with the King Cole Trio, the first Oscar Peterson Trio, the Jimmy 
Giuffre 3 with Jim Hall and Ralph Peña, up to last Tuesday night when I 
listened to Bucky and John Pizzarelli playing at Jazz Alley as a guitar 
duo - no lack of swing there, and it was very satisfying musically.  
Recent drummer-less CDs by Jiggs Whigham & Wolfgang Köhler, Rich Perry 
& Harold Danko, and others provide a great sound and "feel" without a 
sounded beat from a drummer.  I've seen audiences drawn in to groups 
like these because they hear subtleties and textures more clearly when 
not masked by the ride cymbal, hi hat and snare.   I think drummer-less 
groups sound especially good in a small cafe or bar.

Please don't take this personally, Jae - I love drummers like Ed 
Thigpen, Art Blakey, Roy Haynes and Brian Blade to name just a few 
examples.  But just as not every tenor player is another Coltrane, not 
every drummer makes a positive addition to the group he/she is playing 
in and there have been some undeniably wonderful groups that included a 
guitar but no drums at all.

Thanks for allowing anyone to jump in on this.

Jim Wilke
Jazz After Hours, PRI
www.jazzafterhours.org



On Thursday, October 5, 2006, at 02:37  PM, Jae Sinnett wrote:

> I have perhaps an odd couple of questions......but I'll set it up with 
> somewhat of an explanation. As a musician I've always appreciated the 
> interesting harmonic avenues jazz explores. In fact I'm fascinated 
> with it. From a chordal perspective it sort of doesn't matter if it's 
> piano or guitar but I do have a preference for the piano. I've started 
> noticing in radio.....the listening audience does as well. Something 
> about....lets say the quartet with horn, guitar, bass and drums. Many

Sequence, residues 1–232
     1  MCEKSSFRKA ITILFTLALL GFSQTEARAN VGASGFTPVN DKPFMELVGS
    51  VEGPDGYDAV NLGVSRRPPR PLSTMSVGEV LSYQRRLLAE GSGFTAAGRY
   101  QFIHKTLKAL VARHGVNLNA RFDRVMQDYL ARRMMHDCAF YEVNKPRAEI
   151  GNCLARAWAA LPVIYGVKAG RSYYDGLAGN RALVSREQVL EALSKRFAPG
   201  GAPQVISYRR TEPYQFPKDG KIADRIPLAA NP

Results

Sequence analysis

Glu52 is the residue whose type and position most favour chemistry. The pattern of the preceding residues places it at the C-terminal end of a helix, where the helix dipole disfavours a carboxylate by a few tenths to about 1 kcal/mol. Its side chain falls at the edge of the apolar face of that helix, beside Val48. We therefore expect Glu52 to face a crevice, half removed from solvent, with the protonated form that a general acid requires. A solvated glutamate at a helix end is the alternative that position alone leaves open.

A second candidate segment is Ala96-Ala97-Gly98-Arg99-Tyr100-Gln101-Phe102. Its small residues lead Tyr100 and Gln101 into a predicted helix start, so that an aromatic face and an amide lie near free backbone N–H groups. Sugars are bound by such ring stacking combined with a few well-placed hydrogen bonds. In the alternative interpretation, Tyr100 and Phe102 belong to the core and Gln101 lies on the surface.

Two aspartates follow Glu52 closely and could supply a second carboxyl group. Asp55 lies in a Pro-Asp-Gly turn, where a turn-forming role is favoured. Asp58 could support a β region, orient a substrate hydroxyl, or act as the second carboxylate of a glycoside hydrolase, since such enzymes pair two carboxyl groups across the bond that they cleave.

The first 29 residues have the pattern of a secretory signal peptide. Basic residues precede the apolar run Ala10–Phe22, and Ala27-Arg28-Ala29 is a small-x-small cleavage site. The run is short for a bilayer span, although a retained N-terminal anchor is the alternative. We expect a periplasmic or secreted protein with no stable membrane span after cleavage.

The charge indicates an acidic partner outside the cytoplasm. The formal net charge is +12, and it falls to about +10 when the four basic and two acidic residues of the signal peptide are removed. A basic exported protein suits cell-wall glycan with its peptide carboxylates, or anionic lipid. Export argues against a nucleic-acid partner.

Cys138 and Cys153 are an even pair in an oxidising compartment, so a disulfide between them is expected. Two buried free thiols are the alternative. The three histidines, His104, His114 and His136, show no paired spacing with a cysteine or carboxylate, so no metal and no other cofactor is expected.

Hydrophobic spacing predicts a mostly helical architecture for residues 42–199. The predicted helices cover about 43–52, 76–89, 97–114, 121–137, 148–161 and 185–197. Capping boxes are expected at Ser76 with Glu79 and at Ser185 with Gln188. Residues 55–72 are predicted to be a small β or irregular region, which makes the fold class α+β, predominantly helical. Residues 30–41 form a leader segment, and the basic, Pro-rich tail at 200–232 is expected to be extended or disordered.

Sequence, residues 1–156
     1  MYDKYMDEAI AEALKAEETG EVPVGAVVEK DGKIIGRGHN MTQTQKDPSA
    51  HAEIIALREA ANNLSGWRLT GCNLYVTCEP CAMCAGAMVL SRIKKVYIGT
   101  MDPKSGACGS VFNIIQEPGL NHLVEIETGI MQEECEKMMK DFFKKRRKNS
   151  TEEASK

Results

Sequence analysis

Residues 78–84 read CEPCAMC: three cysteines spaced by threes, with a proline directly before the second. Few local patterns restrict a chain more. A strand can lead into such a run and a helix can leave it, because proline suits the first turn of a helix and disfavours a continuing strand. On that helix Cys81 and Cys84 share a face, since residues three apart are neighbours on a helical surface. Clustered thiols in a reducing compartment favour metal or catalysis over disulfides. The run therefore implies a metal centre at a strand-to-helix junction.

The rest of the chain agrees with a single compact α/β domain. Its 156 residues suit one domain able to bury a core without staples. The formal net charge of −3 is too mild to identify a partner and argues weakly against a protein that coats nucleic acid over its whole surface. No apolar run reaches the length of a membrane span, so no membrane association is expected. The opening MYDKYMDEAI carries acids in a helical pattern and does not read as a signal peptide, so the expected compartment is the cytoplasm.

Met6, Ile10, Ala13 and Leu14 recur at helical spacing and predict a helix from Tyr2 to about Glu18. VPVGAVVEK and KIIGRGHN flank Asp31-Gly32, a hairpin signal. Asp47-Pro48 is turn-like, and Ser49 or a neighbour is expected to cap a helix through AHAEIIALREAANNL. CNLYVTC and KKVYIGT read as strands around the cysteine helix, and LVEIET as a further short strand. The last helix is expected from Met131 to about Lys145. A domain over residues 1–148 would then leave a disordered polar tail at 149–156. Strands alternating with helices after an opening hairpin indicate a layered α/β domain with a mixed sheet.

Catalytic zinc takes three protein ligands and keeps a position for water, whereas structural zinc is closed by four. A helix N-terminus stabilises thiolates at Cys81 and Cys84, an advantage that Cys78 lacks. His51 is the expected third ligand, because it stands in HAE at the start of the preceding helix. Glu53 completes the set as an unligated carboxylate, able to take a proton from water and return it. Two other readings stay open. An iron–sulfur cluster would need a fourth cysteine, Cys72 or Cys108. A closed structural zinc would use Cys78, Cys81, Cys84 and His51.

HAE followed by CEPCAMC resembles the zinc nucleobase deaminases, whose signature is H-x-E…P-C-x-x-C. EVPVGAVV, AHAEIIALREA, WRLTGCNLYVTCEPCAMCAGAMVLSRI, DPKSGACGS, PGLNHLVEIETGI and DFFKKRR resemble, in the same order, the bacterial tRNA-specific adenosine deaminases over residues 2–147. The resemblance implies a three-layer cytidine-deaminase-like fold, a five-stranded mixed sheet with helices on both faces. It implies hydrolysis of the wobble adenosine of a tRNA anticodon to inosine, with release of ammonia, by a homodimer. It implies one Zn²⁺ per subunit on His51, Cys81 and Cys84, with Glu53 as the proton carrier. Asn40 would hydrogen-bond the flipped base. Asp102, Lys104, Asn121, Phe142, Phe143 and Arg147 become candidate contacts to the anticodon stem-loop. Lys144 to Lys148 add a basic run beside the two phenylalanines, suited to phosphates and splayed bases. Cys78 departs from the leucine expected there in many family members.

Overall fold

> seem to have problems with the "textural" part of this set up. It's a 
> different "hear" for sure without the piano.
>
>   While both the guitar and piano can create interesting harmonic 
> textures the piano has more of a favorable response from listeners - 
> on the radio. This could have something to do with the comping 
> differences the piano can bring to the music. Like being able to play 
> a line and comp with it but some will say the guitar works better with 
> the horn. There's also more harmonic choices you can make on the piano 
> at any given time. The guitar seems to work better WITH piano or organ 
> or solo and interestingly enough....in the trio setting with bass and 
> drums - with listeners. With the horn though - sax, trumpet, etc. - 
> its textual significance seems to change.
>
>   I'm curious if others hear it this way or how you hear this set up 
> and if you notice a similar response from your listeners?  I realize 
> this gets somewhat into the musical realm of discussion but I think 
> anyone can jump in on this. I would also like to know the musicians 
> perspective on this - instrumental and vocal. The vocal thing always 
> intrigued me and how they intrepret singing with guitar or piano. Ella 
> loved singing with Joe Pass. What do singers hear differently when 
> working with guitar players vs pianist and visa versa? I had some 
> interesting conversations with some listeners and musicians recently 
> about this. Actually just had a great conversation with Anton Schwartz 
> and he shared some informative thoughts from the perspective of the 
> saxophone with guitar. I've always thought about this but what 
> triggered this thinking this time was the new Patitucci release with 
> Adam Rogers and Chris Potter.
>
>   Jae Sinnett
>
>
>